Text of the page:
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What happens when we detect alien life?

Scientists have been listening for signals from extraterrestrial civilizations for decades, but what would they do if they actually heard one?
The Sun-like star Epsilon (ε) Eridani was one of Frank Drake’s first targets in his search for extraterrestrial intelligence. Astronomers have since learned that the star anchors the closest known planetary system, depicted in this artist’s conception, but no detectable life.

We’ve never heard a peep from aliens. But improved technology is speeding up the search for extra- terrestrial intelligence (SETI), so what happens if today’s silence suddenly gives way to tomorrow’s discovery? Would the world rejoice in the news that someone’s out there? Would euphoria engulf humanity, as Nobel Prizes are doled out like after-dinner mints?

That’s one view. But many people think the dis- covery would be hushed up as quickly as a Mafia informant, assuming that the public couldn’t handle the news. Or scarier still, kept secret for fear that an unauthorized response would tell a hostile race exactly where to send their interstellar battlewagons.

That’s melodramatic enough. But has any serious consideration gone into what happens when our efforts to detect cosmic intelligence pay off and we find a blip of a signal in the sea of radio noise that pours into the SETI antennas?

Some think that addressing that question — even in a speculative way — is hubristic at best and wildly pre- sumptuous at worst. After all, SETI scientists have been torquing their telescopes toward celestial targets for more than half a century without ever detecting such a signal. If we haven’t won the E.T. lottery in all that time, why worry about what would happen if we got the winning ticket?

Simple: SETI researchers are buying more tickets all the time, and the chances of scoring the big one keep going up. As computer power improves and new detection technology comes out of the labs, the search is accelerating. Unless the aliens are excessively secretive or simply nonexistent, we could find evidence for their presence within decades.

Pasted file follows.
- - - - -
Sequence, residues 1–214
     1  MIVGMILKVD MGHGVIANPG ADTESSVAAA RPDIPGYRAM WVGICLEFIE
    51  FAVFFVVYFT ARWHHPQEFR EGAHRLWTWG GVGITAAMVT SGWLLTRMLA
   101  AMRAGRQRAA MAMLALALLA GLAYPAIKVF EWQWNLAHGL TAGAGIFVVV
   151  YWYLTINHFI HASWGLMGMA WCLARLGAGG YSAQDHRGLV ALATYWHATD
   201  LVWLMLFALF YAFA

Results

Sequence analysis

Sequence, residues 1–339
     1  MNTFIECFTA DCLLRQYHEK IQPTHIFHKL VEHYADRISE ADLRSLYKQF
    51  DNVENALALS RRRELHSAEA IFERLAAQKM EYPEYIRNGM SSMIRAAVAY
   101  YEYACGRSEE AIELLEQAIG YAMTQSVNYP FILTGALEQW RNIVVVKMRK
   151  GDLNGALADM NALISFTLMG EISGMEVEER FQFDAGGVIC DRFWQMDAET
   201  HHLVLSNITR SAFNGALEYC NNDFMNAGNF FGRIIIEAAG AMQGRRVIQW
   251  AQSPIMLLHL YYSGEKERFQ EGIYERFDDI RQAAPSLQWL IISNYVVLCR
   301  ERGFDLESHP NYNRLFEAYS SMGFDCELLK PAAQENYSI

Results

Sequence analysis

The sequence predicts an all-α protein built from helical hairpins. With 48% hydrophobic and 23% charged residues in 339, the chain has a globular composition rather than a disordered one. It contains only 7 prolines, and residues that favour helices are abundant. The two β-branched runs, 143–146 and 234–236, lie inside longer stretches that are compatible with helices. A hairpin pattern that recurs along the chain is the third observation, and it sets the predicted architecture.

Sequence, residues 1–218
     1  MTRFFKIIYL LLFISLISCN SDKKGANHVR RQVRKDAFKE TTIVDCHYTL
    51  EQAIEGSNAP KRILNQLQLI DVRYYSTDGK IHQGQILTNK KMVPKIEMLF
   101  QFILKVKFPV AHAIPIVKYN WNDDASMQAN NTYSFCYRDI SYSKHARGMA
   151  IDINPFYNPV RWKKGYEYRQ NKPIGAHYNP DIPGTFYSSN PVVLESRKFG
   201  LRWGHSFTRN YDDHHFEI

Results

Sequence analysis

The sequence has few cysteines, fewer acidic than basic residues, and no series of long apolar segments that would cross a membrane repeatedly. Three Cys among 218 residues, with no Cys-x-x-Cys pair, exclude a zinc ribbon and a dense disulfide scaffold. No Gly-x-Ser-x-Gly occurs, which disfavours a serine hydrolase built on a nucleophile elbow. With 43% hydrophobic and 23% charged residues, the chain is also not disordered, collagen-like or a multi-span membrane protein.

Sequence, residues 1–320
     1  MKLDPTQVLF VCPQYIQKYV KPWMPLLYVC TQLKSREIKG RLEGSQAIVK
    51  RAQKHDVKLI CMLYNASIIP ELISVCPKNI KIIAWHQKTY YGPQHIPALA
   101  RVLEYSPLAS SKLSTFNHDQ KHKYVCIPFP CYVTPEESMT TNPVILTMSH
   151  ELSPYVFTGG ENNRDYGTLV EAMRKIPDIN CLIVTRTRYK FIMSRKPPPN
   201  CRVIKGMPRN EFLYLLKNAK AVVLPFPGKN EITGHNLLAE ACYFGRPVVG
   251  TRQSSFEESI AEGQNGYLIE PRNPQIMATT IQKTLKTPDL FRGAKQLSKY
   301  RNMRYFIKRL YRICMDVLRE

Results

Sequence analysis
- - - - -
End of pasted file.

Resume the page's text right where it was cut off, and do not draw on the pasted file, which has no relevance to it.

So, again, then what?


The Allen Telescope Array and the Jansky Very Large Array (pictured) are powerful enough to detect and pinpoint a possible extraterrestrial transmission with a high degree of accuracy. The latter hosts 27 antennas, while the former boasts 42 and plans to have 350 upon completion.

Dave Finley/AUI/NRAO/NSF

Immediate reactions

In the spring of 1960, astronomer Frank Drake performed the first modern SETI experiment, whimsically dubbed Project Ozma after L. Frank Baum’s fictional queen of Oz. What few people realize is that he actually detected something. While pointing his antenna at the nearby Sun-like star Epsilon (ε) Eridani, Drake heard a strong hammering signal. Surprised by how quickly his search succeeded, he wondered, “What do we do now?”

Drake answered his own question by rigging up additional equipment, and he soon proved that the throbbing bleats from his loudspeaker were terrestrial interference, not Eridanians trying to phone our home.

Project Ozma could tune to only one frequency at a time, but today’s SETI receiv- ers simultaneously monitor hundreds of millions of channels. Consequently, picking up a signal is neither remarkable nor rare: A few dozen typically come up with each scan. Naturally, no one gets very excited about this. Instead, researchers rely on sophisticated software to perform the tedious task of deciding whether these signals are likely to be alien intelligence or (as in Drake’s case) just more human-caused radio static.

Only rarely does any signal survive this automatic scrutiny. But if and when that happens, a series of additional tests occurs. Eventually, the astronomers running the experiment ask someone at another observatory to verify the detection — to rule out equipment bugs, coding errors, or pranks.

The scenario for handling a signal is briefly described in a document developed under the auspices of the International Academy of Astronautics, and referred to as “SETI detection protocols.” These “best practices” boil down to this: (1) carefully verify that the signal is truly extraterrestrial, (2) inform other scientists and the public, and (3) seek international approval before transmitting any reply.

Abridged SETI detection protocols